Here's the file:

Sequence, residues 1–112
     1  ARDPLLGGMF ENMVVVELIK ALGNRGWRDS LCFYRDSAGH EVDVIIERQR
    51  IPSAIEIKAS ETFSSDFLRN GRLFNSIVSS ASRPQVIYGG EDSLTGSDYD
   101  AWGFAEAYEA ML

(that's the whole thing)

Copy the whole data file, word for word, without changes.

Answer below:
Sequence, residues 1–112
     1  ARDPLLGGMF ENMVVVELIK ALGNRGWRDS LCFYRDSAGH EVDVIIERQR
    51  IPSAIEIKAS ETFSSDFLRN GRLFNSIVSS ASRPQVIYGG EDSLTGSDYD
   101  AWGFAEAYEA ML